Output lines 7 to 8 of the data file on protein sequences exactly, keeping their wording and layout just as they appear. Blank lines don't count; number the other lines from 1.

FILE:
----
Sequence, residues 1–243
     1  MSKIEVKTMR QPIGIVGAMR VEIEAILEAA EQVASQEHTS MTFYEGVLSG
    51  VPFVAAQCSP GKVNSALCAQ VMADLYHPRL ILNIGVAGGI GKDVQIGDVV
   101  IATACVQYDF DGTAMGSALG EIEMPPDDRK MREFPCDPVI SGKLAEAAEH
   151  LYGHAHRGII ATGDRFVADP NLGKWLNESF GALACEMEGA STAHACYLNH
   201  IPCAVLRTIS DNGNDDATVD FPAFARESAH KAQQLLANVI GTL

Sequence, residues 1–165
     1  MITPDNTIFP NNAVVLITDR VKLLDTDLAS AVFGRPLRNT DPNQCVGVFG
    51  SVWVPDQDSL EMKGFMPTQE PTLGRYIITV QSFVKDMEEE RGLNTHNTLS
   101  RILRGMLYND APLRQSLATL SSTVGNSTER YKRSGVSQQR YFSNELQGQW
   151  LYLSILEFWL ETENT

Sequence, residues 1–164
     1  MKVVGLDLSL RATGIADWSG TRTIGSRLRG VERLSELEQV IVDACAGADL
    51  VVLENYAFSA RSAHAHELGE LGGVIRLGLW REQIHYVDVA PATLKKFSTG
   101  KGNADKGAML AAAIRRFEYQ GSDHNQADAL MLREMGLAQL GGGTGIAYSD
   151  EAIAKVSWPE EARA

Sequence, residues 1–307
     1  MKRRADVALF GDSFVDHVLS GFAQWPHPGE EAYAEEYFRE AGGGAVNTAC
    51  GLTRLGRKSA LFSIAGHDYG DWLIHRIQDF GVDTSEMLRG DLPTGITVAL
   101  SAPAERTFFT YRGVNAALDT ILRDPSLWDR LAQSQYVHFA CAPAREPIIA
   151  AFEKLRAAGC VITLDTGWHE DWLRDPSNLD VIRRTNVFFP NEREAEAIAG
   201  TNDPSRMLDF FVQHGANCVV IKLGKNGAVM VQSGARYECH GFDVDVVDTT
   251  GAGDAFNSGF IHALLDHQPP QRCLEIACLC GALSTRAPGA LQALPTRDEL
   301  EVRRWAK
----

Sequence, residues 1–165
     1  MITPDNTIFP NNAVVLITDR VKLLDTDLAS AVFGRPLRNT DPNQCVGVFG